Punters who climbed into Sky Field at $1.40 had their hearts in their mouths at Sha Tin on Sunday but not trainer Caspar Fownes, who declared the outcome was “never in doubt” as the impressive four-year-old took out his Class Three debut.
By far the best backed galloper of the day, Sky Field found himself in heavy traffic turning for home under Joao Moreira and you could almost see the Brazilian jockey’s mind whirring from the grandstand.
“Never in doubt, not this horse. I really know what he’s capable of but a few explosive words were coming out,” Fownes said after Sky Field took out the Hung Hom Handicap (1,200m) by one-and-a-half lengths to improve his record to two wins from four starts.
“[Joao just needed to] wait and let the run establish itself and then take it rather than going in and out. You can end up getting stuck in a pocket, you’re committed and the race is over.
“With this horse, he’s the best horse – I wanted him to get in between horses, learn a little bit and wait for the run to present itself and take it. The rest he will do himself.”
After settling one off the fence just behind midfield in the early going, Moreira found himself boxed in 700m from home.
With nothing presenting itself after straightening, he first went looking for an inside run before pulling back out, finally finding clear air with 300m to run and rattling home to coast past the leaders.
“I just identified a horse which I thought was going to take me forward, which was Inner Flame, but he just did not sprint and got me into trouble,” Moreira said.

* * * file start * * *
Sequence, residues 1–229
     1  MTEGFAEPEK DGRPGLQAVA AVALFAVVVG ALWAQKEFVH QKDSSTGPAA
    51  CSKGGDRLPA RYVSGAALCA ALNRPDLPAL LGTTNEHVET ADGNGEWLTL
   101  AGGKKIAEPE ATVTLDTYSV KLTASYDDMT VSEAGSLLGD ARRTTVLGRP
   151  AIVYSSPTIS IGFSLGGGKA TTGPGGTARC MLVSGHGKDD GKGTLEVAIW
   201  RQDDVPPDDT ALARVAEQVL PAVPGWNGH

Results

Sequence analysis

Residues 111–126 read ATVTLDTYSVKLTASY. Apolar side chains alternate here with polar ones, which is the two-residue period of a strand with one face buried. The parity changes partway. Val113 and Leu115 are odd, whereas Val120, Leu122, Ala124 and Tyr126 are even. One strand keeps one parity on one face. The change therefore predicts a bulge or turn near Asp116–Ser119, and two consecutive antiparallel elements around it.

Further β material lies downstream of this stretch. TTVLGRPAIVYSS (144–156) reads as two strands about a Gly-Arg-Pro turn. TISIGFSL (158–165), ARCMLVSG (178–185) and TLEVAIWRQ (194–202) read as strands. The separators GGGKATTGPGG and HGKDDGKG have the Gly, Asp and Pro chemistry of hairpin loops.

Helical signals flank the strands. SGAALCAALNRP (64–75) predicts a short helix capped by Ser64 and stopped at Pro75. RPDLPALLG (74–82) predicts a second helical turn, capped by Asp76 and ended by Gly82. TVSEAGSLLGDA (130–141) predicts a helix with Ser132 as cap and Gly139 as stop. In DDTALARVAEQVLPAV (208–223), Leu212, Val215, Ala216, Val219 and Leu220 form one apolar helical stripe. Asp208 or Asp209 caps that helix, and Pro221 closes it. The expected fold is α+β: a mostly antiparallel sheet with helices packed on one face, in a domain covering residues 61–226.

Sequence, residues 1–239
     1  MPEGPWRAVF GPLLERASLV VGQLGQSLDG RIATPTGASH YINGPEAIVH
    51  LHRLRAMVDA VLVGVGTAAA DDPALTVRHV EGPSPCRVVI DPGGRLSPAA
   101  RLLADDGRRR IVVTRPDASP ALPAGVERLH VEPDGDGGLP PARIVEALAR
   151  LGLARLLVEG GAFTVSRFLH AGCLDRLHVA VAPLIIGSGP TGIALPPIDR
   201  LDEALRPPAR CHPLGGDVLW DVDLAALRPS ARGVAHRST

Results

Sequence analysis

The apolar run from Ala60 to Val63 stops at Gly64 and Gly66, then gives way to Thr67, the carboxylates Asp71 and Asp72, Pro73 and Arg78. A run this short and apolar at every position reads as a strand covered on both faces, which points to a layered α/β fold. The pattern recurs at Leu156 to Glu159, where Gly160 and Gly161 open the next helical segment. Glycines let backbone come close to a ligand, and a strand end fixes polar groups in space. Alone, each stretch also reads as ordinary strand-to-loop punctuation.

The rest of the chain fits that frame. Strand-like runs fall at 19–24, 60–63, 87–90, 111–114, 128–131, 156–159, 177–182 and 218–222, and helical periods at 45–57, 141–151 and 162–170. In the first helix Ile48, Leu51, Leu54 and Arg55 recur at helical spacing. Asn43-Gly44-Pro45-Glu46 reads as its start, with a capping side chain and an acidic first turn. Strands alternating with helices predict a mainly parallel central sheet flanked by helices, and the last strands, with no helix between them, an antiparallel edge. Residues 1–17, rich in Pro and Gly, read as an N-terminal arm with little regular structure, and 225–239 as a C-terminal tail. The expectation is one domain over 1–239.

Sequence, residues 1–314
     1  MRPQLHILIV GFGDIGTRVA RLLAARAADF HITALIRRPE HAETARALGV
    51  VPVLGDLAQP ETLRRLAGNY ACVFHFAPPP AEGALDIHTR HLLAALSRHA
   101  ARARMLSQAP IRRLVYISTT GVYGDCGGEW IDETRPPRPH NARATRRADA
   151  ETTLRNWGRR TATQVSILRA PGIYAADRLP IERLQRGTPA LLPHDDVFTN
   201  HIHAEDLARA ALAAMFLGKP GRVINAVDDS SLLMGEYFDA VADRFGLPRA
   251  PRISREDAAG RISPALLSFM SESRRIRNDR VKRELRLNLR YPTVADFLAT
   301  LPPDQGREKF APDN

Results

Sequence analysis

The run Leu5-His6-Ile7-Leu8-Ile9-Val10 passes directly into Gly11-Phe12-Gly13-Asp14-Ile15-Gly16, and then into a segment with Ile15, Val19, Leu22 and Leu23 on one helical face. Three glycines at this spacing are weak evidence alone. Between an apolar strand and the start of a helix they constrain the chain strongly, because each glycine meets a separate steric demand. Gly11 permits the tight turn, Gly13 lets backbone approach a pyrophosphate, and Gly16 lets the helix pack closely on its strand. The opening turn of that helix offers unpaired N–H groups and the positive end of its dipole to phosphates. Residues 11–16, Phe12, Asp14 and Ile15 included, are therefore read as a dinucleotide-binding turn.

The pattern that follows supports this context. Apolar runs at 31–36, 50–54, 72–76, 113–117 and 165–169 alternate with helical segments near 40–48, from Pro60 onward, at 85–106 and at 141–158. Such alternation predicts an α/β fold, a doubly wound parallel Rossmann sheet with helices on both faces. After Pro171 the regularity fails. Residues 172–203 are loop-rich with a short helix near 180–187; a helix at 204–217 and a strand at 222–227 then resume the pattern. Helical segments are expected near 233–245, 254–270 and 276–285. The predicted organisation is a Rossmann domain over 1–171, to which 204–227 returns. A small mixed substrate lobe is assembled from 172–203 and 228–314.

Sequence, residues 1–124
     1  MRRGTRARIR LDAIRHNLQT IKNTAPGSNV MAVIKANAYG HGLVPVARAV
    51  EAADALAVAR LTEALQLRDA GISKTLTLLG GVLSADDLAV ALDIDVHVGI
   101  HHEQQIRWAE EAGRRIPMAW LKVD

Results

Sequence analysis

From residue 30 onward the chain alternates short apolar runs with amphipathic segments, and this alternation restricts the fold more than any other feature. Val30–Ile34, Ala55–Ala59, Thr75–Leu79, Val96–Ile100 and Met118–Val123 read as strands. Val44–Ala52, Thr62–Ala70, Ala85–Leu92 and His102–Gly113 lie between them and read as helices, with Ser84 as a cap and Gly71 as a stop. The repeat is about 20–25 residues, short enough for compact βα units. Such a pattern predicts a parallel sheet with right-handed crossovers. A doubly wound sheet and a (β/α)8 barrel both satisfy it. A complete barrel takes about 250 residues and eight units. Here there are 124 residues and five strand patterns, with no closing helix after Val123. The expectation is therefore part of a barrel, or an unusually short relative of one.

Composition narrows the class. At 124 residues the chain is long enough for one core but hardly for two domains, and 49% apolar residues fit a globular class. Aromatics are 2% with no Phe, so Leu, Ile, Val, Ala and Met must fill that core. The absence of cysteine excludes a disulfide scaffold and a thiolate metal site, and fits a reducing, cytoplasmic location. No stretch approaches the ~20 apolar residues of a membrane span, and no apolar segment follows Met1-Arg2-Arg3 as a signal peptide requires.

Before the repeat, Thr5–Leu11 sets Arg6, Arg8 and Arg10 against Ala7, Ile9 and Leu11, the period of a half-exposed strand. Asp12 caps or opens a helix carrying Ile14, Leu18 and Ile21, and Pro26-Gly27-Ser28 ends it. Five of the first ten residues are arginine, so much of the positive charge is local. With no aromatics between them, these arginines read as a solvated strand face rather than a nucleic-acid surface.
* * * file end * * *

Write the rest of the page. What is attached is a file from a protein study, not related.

“I wanted to buy a little bit more time but I just got stuck in there because I didn’t have the option to pull out – I had a wall of two or three horses on my outside which was not allowing me to come out.
“The run opened at the 300m, which was probably perfect, but it was just that from the 500m to the 300m it appeared like it was not going to open.
“For this horse it might be a good thing because he is still learning and we’re trying to teach him as much as we can. Only good horses cope with what he had to cope with today.”
Fownes has been open about his high hopes for the progressive son of Deep Field, with January’s Classic Mile the ultimate goal for the gelding, and he was pleased to see him continue his education and win at the same time.
“He’s run up to my expectations. He’s a quality horse but we need to bring him along the right way because he can still do a few things wrong,” Fownes said.
“I think he needs a bit more racing experience – it’s a good thing for him to get bumped a little bit and make some mistakes while we’re starting to go through the grades.
“We’ve just got to slowly bring him through his races and I think we’ve got quite an exciting horse on our hands.”
Fownes is itching to see what Sky Field can do when he steps further out in trip but won’t be getting ahead of himself.
“He’ll have one more run at six furlongs then he can go to 1,400m – we know he’s going in the right direction to be something quite special for us,” he said.
“You’ve got to set yourself some goals with these four-year-olds and in my mind he’s the type of horse that would be perfect for [the Classic Mile] because once he starts to race more he’ll start to learn to relax more and conserve energy.
“He’s got a great turn of foot and I’m pretty confident once we start to step him up in distance he’ll be even better suited.”
Fownes and Moreira teamed up for a double on the afternoon, also taking out the Class Four Tsim Sha Tsui Handicap (1,600m) with Family Leader.